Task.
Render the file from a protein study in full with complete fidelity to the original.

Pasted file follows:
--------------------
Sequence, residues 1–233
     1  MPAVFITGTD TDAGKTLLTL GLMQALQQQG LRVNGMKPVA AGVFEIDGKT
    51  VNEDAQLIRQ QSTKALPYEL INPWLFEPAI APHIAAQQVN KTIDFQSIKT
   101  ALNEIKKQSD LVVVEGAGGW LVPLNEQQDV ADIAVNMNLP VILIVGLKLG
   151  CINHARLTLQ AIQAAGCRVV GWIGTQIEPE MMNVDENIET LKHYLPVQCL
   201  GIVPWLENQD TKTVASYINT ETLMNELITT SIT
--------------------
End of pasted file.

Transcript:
Sequence, residues 1–233
     1  MPAVFITGTD TDAGKTLLTL GLMQALQQQG LRVNGMKPVA AGVFEIDGKT
    51  VNEDAQLIRQ QSTKALPYEL INPWLFEPAI APHIAAQQVN KTIDFQSIKT
   101  ALNEIKKQSD LVVVEGAGGW LVPLNEQQDV ADIAVNMNLP VILIVGLKLG
   151  CINHARLTLQ AIQAAGCRVV GWIGTQIEPE MMNVDENIET LKHYLPVQCL
   201  GIVPWLENQD TKTVASYINT ETLMNELITT SIT